Planners join county opposition to proposed water regulations
By Karen Brainard
San Diego County is asking local advisory groups to support its efforts to oppose proposed stormwater regulations that it says will impact development and will be extremely costly.
A public workshop on the proposal will be held on Tuesday, Nov. 13, at 9 a.m. in the City of San Diego Public Utilities Department Wastewater Branch Auditorium, 9192 Topaz Way in San Diego.
Stephanie Gaines, land use and environmental planner for the county’s Department of Public Works, gave a presentation to the Ramona Community Planning Group at its November meeting, on the draft municipal stormwater permit update issued by the San Diego region of the California Regional Quality Control Board (RWQCB). She explained that the regulations stem from the federal Environmental Protection Agency’s Clean Water Act and are passed down to the state, regional, and local levels.
Gaines reviewed the proposed National Pollutant Discharge Elimination System (NPDES) permit program that controls water pollution.
“This new permit is a complete departure from the permit we’re under, said Gaines. “It adds a lot of new regulations and requirements. To a lot of them, we don’t see any benefit to water quality.”
Gaines said one of the biggest concerns is a “far-reaching” goal for bacteria Total Maximum Daily Load (TMDL), the maximum amount of a pollutant that a body of water can receive and still meet requirments. The county estimates that it will spend $2.2 to $4.2 billion over a 20-year period to implement that requirement with no assurance the target can be attained.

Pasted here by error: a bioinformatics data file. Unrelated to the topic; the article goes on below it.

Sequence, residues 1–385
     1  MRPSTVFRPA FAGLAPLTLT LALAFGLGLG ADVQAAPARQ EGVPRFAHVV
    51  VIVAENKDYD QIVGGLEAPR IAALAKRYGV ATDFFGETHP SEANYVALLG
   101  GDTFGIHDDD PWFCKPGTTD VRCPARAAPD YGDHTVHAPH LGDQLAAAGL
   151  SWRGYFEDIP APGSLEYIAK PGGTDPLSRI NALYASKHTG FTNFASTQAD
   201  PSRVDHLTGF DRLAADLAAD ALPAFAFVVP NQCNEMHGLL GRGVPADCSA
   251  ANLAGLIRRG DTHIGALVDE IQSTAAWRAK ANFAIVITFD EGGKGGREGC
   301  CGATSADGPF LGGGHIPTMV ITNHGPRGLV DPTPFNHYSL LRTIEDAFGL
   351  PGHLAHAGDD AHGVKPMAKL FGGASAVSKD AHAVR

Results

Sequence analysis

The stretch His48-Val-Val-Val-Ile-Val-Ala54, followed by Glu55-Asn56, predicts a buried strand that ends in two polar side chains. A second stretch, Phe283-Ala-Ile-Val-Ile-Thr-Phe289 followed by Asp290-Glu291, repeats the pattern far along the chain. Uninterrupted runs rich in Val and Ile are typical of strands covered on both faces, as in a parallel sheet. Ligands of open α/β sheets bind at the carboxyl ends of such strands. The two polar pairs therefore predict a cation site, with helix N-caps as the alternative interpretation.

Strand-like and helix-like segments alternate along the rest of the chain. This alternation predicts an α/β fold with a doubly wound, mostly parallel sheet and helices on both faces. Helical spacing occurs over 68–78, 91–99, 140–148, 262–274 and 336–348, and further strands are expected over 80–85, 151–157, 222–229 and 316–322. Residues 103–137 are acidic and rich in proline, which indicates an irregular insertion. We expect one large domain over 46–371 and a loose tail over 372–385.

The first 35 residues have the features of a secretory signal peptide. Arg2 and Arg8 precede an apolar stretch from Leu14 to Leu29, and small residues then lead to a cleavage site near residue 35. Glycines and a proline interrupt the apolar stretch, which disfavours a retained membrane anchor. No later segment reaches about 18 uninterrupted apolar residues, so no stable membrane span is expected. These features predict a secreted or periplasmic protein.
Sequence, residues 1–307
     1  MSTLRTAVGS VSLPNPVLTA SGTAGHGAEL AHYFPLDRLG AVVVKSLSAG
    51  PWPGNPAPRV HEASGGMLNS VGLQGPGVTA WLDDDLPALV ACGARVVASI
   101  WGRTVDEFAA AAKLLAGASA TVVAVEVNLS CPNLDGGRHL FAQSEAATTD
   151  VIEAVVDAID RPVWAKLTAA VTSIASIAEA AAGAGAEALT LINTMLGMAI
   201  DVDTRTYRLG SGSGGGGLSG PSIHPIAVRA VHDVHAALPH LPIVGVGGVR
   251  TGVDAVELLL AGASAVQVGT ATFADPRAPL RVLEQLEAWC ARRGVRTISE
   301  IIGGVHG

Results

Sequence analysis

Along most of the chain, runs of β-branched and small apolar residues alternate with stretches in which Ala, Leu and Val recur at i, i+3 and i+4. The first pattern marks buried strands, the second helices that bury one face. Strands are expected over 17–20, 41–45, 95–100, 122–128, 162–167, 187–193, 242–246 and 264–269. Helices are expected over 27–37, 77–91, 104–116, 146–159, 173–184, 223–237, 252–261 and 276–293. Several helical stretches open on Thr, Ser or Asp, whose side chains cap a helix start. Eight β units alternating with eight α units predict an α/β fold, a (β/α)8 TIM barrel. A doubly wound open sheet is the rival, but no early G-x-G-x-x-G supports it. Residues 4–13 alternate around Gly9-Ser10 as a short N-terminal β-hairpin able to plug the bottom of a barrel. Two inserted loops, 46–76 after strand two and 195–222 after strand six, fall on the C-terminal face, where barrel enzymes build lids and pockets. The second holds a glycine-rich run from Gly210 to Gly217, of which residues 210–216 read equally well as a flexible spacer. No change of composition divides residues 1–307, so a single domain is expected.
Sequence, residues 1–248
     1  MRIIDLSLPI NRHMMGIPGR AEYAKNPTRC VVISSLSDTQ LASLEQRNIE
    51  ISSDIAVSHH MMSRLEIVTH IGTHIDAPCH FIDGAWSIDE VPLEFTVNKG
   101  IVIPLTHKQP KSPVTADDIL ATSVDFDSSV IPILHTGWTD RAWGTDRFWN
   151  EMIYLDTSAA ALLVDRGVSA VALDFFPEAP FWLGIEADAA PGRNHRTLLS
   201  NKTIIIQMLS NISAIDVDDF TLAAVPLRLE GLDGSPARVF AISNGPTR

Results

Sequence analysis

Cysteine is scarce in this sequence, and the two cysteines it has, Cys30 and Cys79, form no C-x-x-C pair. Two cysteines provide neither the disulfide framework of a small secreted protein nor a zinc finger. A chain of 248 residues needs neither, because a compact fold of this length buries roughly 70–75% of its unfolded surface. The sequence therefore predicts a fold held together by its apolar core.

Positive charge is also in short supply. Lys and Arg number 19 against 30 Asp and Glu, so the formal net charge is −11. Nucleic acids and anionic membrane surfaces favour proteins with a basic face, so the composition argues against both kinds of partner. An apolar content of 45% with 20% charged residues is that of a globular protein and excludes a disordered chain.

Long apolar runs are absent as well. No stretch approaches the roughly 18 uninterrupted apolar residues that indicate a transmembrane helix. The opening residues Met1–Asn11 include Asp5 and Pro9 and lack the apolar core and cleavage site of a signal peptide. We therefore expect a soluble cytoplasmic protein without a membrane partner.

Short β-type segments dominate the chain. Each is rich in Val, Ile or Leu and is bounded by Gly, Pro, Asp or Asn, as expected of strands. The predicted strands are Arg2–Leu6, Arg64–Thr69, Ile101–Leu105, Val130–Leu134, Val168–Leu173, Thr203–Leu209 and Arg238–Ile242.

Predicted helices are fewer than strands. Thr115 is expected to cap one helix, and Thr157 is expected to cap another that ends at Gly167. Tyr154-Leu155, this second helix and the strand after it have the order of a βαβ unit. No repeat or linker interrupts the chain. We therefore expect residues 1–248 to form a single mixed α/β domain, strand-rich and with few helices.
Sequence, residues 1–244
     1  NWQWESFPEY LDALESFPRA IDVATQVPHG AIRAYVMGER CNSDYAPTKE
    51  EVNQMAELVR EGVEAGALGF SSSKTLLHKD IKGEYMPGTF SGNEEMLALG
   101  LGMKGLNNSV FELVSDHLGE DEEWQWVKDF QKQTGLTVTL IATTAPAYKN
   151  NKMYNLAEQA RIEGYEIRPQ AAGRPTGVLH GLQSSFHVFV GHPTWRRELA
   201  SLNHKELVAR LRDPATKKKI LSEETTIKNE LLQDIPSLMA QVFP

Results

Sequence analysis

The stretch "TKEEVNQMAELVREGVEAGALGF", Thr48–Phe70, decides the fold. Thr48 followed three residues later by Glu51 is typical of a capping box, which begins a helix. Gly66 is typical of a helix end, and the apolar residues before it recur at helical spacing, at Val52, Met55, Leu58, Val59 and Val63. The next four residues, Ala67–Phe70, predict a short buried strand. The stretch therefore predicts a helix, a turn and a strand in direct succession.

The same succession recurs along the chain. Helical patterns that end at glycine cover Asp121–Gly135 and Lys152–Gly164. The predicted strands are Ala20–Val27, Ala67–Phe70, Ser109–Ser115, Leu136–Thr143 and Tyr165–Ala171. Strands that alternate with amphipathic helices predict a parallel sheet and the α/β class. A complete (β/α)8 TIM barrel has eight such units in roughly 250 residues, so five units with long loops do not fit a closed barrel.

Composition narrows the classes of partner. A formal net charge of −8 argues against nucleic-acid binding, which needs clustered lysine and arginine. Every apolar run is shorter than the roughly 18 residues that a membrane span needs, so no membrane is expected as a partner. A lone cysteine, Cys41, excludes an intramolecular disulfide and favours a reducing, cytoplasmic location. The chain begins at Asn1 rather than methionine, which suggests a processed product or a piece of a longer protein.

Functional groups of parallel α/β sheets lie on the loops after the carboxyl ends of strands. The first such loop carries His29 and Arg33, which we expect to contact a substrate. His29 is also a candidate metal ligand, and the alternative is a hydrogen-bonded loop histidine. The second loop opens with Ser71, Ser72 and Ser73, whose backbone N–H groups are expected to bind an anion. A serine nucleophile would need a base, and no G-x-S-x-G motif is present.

Other county concerns are additional requirements for development projects and regulated agencies’ exposure to third-party lawsuits.
In September, county supervisors issued a call to action to protect water quality but to control mounting and unreasonable costs of increased regulations on local governments, business and industry, according to Gaines’ presentation.
Planning group member Chad Anderson said the regulations could become cost prohibitive for builders of private homes or commercial developments. He said the regulations’ language appears to overlap with statements from Agenda 21, the comprehensive global plan for sustainable development that was created at a United Nation’s Earth Summit in 1992. It was signed by more than 178 countries, including the United States, and opponents say it targets private property.
The planning group agreed to send a letter to county Supervisor Dianne Jacob to support her efforts and state that the RWQCB proposed requirements are unreasonable.
More information on the regional water board’s proposal is available at waterboards.ca.gov/sandiego/water_issues/programs/stormwater/index.shtml.
Public comments must be sent by Jan. 11, 2013, to San Diego Regional Water Quality Control Board, 9174 Sky Park Court, Suite 100, San Diego, CA. 92123-4340.
According to the county, the new regulations are targeted to be implemented in spring 2013.
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